• The vessel changes can involve...
    • The entire arterial tree, from the main pulmonary arteries down to the arterioles
  • In the most severe cases,...
    • Atheromatous deposits form in the pulmonary artery and its major branches
    • Resembles (but being lesser in degree than) systemic atherosclerosis
  • The arterioles and small arteries (40 to 300 μm in diameter)
    • Most prominently affected, with striking increases in the muscular thickness of the media (medial hypertrophy) and intimal fibrosis, sometimes narrowing the lumina to pinpoint channels
  • These changes are present...
    • In all forms of pulmonary hypertension but are best developed in the primary (idiopathic; IPAH) form
  • One extreme in the spectrum of pathologic changes, present most prominently in primary pulmonary hypertension or congenital heart disease with left-to-right shunts
    • Plexogenic pulmonary arteriopathy, so called because a tuft of capillary formations is present, producing a network, or web, that spans the lumens of dilated thin-walled, small arteries
  • Biopsy of the lung may be done in some cases to...
    • Grade the degree of pulmonary hypertensive vascular abnormalities and thereby aid therapeutic decision making
    • Especially in congenital heart disease, in which severe secondary pulmonary vascular changes may preclude surgical repair of the underlying cardiac anomaly

19

Nomenclature and classification:
Pulmonary arterial hypertension (PAH)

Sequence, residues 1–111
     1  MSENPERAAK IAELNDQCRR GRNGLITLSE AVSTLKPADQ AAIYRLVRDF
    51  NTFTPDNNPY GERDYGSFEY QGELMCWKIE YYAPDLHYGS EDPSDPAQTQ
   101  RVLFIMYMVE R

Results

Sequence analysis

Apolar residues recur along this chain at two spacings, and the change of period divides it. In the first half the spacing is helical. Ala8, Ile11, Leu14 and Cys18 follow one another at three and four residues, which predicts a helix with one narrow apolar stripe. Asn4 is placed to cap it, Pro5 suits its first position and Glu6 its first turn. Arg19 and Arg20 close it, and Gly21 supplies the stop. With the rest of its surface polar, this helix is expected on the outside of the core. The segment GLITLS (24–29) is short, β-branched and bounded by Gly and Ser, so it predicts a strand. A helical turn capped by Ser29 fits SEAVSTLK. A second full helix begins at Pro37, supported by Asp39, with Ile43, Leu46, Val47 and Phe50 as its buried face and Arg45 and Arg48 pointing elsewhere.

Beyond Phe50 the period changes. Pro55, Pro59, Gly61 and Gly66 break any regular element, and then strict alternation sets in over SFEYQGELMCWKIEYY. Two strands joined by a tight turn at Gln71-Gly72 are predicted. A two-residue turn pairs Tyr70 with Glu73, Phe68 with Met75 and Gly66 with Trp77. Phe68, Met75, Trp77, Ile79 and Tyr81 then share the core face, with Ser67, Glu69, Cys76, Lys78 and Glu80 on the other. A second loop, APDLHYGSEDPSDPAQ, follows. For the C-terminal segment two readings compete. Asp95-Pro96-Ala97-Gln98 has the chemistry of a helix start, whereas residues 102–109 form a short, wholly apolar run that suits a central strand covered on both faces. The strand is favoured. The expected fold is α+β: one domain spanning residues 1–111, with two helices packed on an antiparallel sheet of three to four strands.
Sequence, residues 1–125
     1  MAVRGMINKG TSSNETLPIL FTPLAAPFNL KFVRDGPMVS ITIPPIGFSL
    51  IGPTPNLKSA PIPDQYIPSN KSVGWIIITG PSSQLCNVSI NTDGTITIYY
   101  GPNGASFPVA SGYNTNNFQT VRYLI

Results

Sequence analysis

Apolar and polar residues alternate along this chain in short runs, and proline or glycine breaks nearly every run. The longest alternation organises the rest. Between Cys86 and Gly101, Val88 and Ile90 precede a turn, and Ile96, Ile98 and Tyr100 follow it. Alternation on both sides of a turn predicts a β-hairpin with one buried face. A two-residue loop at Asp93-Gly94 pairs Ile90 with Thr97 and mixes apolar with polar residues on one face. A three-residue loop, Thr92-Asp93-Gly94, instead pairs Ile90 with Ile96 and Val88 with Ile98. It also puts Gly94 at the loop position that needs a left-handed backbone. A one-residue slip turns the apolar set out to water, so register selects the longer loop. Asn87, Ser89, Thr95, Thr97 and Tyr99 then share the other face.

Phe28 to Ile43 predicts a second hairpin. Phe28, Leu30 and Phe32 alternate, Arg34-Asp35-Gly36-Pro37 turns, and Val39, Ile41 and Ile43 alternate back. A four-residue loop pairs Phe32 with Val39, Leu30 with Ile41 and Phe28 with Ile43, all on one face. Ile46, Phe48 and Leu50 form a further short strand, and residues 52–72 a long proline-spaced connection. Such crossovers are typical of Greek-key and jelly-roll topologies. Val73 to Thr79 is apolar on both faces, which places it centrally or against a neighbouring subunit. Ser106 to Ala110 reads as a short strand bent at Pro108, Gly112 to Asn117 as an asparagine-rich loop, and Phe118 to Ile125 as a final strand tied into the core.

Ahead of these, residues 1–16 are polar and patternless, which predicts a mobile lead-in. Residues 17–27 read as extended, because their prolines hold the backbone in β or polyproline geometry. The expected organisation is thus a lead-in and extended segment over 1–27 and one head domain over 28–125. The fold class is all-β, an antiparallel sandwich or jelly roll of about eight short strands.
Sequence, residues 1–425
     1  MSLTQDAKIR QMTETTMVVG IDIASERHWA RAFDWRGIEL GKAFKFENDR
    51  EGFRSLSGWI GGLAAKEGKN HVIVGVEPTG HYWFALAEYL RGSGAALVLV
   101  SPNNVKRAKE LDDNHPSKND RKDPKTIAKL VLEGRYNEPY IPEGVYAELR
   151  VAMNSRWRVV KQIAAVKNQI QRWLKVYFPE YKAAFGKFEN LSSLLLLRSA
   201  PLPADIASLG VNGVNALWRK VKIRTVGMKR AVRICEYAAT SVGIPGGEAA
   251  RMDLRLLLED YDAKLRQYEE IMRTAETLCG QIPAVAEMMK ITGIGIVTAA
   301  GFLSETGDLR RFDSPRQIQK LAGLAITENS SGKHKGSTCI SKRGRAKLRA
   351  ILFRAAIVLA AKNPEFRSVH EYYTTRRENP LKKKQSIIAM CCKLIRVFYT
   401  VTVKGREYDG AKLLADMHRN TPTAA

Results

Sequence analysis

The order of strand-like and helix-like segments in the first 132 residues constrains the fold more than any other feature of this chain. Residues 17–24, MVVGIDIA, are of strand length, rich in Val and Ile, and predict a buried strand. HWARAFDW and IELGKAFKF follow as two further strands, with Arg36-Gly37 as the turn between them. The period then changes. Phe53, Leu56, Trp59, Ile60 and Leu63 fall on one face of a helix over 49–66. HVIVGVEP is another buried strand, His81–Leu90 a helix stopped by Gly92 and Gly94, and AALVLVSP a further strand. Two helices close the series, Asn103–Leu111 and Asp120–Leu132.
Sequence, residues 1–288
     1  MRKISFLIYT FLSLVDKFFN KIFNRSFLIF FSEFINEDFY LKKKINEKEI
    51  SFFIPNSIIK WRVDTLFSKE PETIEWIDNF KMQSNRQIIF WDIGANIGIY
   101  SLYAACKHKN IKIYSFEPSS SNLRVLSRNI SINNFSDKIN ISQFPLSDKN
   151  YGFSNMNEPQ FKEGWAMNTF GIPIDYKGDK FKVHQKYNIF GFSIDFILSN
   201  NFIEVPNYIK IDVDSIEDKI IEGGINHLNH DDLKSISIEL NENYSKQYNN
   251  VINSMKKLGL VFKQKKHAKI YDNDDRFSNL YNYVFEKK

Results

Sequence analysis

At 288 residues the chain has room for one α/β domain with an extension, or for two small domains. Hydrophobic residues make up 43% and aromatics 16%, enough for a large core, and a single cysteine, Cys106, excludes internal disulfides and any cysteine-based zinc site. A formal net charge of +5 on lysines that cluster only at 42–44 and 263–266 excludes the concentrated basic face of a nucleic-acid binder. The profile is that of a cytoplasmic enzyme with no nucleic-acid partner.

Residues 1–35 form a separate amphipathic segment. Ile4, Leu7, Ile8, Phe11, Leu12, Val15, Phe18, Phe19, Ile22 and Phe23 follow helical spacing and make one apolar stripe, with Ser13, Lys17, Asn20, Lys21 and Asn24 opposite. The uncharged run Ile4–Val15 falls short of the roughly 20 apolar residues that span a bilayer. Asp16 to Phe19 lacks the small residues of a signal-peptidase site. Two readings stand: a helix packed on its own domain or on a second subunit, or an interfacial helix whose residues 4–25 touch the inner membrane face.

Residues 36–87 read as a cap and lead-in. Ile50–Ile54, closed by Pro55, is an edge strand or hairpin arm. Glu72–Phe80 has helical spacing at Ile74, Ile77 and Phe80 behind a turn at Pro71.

• Two types
  • Associated with...
  • Associated with significant venous or capillary involvement

  • Two types
    • Sporadic (idiopathic) (IPAH)
    • Familial (FPAH)
  • Associated with...
    • Collagen vascular disease
    • Congenital systemic-to-pulmonary shunts
    • Portal hypertension
    • HIV infection
    • Drugs and toxins
    • Other
  • Associated with significant venous or capillary involvement
    • Pulmonary venoocclusive disease
    • Pulmonary capillary hemangiomatosis
    • Persistent pulmonary hypertension of the newborn

20

Nomenclature and classification

  • Pulmonary venous hypertension
  • Pulmonary hypertension associated with hypoxia
  • Pulmonary hypertension due to chronic thrombotic and/or embolic disease
  • Miscellaneous

  • Pulmonary venous hypertension
    • Left-sided atrial or ventricular heart disease
    • Left-sided valvular heart disease
  • Pulmonary hypertension associated with hypoxia
    • Chronic obstructive pulmonary disease
    • Interstitial lung disease
    • Sleep-disordered breathing
    • Alveolar hypoventilation disorders
    • Chronic exposure to high altitude
  • Pulmonary hypertension due to chronic thrombotic and/or embolic disease
    • Thromboembolic obstruction of proximal pulmonary arteries
    • Thromboembolic obstruction of distal pulmonary arteries
  • Miscellaneous
    • Sarcoidosis
    • Histiocytosis X
    • Lymphangiomatosis
    • Compression of pulmonary vessels